Salvage the Bones- Book Review

This was my first foray into so-called “Katrina literature.”  I was living in Dallas during Hurricane Katrina, and felt a connection to that disastrous event.  A couple of weeks after the hurricane, I had an opportunity to go down with a group of people and help: cutting and removing limbs, tearing out moldy dry wall, moving and sorting other debris.  That was a great experience.  Salvage the Bones by Jesmyn Ward was not.

I wanted to connect to this book, and given my experience, thought that I could.  Katrina touched this country, and I am not saying for one second that it should not be written about.  But from start to finish, from title to “The End,” this book rang inauthentic and like the author was trying WAY too hard.

She is a capable writer.  There was nothing wrong with the grammar, the writing, or even the layout of the story.  But it did not move me.  I could not identify with a single character.

The main character, Esch, is a young teenage girl growing up impoverished and promiscuous in coastal Mississippi.  And yet (implausibly), she is a huge Greek mythology afficionado.  Too much suspension of disbelief for this daydreamer.

There was also a heavy dog-fighting theme that I was left doubting the author, an educated MFA, had much experience with (at least I would hope not).

Suffice it to say, not my favorite reading experience.  Actually, truth be told, I instantly hated it, but broke my rule of no longer reading books I am not enjoying, convincing myself it was something I should read.  I am not glad I persevered.

And then, in preparing for this review, I see that Jesmyn Ward just won The National Book Award for Fiction with this book.  Of course.  Because this is one of those books.  Written as an award grabber.  And how are you not going to give the award to the touching Katrina tale with the coming-of-age underprivileged teenage girl that somehow loves Greek mythology story?

Call me bitter, call me jaded, call me close-minded, but this book was not award-winning caliber.  I don’t only want to read stories about people just like me, and don’t.  But I think you should write what you know, not what you know people will claim to like because it is politically incorrect not to.  Sorry, Jesmyn.  Nothing personal.  You got the award, though, so what do I know, or what do you care?  But I would like to see you use your skill to write something truer to your own experience.

2 thoughts on “Salvage the Bones- Book Review

    • No, it’s not. And you’re in luck, because I know where you could pick up a copy FOR CHEAP.

      I did a little more looking, and came across other articles:

      This just further supports what I’m saying.

      And I know what people would say: “You’re just jealous or bitter or hating.” No, I’m not. “You didn’t grow up there, so you don’t know what it’s like. She is the only one in a position to be authentic.” No, I didn’t grow up there, but I am entitled to my opinion as a reader. I read, as you know, A LOT. And she is probably a better writer than I will ever get a chance to be (having been a writing fellow at Stanford and writer in residence at University of Mississippi, I would certainly hope so). That is not what I am criticizing her about.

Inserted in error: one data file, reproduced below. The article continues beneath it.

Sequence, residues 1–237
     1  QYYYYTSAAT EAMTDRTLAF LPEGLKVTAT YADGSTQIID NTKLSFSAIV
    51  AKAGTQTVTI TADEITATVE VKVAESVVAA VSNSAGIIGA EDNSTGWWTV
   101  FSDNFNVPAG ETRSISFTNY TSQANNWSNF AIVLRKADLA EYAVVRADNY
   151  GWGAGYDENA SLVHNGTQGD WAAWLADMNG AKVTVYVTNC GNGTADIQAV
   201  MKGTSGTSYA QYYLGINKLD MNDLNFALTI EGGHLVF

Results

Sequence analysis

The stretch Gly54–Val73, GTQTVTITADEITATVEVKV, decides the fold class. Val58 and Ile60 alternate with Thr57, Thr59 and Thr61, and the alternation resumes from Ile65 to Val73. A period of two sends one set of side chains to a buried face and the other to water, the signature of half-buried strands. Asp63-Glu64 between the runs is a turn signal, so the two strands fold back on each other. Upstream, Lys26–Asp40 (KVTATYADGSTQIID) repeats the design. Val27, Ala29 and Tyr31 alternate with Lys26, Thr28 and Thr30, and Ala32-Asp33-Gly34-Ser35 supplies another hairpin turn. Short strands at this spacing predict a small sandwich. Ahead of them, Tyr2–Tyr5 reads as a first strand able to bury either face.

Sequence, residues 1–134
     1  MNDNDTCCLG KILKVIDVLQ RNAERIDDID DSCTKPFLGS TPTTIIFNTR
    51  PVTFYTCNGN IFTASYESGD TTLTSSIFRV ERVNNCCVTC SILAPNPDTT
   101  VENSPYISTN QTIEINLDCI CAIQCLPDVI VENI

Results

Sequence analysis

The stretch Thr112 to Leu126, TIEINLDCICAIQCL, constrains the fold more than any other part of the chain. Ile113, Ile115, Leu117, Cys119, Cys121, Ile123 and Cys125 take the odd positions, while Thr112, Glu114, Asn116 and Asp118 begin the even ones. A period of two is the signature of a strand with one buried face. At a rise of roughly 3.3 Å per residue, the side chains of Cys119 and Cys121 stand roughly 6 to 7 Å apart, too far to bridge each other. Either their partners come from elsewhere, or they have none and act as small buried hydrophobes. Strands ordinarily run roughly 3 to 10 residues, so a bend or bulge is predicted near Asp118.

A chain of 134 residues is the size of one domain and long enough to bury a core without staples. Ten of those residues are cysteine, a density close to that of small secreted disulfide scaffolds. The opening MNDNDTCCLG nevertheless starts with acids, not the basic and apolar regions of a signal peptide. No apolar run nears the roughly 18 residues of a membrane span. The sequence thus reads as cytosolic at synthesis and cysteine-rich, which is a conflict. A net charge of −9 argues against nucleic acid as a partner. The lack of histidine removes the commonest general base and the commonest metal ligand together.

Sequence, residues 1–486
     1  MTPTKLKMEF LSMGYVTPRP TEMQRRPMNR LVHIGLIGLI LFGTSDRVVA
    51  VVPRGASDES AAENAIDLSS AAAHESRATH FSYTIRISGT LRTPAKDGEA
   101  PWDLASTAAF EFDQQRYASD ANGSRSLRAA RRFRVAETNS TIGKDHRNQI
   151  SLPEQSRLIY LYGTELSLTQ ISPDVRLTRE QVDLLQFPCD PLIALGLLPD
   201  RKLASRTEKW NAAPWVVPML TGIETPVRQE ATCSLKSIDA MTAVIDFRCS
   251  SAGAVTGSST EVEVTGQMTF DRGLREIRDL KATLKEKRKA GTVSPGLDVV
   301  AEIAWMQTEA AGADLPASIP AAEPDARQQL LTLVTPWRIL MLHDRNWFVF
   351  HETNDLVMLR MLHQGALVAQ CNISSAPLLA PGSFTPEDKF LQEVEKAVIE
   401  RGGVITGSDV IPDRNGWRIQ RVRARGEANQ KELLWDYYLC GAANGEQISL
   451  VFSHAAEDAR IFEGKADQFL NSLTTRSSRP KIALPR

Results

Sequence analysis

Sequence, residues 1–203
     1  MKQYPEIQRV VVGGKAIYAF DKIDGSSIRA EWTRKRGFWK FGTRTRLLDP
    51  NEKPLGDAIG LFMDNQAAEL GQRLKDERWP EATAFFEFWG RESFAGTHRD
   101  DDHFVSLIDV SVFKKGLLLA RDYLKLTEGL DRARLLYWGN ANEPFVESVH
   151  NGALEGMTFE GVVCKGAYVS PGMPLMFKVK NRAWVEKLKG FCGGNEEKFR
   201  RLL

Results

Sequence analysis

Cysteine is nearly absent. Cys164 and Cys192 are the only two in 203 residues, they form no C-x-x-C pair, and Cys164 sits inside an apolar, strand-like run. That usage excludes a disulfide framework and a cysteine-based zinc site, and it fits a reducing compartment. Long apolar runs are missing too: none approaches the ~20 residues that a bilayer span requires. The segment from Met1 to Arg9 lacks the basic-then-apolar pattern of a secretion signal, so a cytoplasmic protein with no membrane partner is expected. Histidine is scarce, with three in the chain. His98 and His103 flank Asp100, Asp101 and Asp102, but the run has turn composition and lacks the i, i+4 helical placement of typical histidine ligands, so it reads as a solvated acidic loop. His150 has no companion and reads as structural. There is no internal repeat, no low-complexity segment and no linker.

Maybe it is “real,” and I just can’t get it, because I am not a teenage girl or a mother. I didn’t grow up like that. She has experienced some personal tragedy in her life, so I kind of feel like a jerk going after her. But we all have tragedies, and it influences all of our writing. All of our lives. I can usually, though, identify with characters in a book; even if their experience or behavior is completely foreign to my experience or who I am, some undeniably human element will resonate with me. Here, there was nothing.

      I don’t know her. I admire her accomplishment, and her writing. And I am a little bit jealous of her success. But I wonder what her background is really like. Maybe she is writing from her own experience and I just need to shut up.

      But as an example. I grew up and went to junior high in El Paso, Texas, walking distance from some housing projects. There was a lot of gang activity and their were a lot of Hispanics at my school. Some of their parents were in the country illegally. Could I write an authentic story in that setting about my experience and perspective? Yes. But could I write a plausible story from their perspective? Probably not. I wonder where she falls on that spectrum.

      Do you know what I mean, writing about stuff that you are SUPPOSED TO write about? Writing with the award in mind? That’s just how this felt to me. But I could be completely wrong, and just a bitter, jaded jerk.

Leave a Reply

Your email address will not be published. Required fields are marked *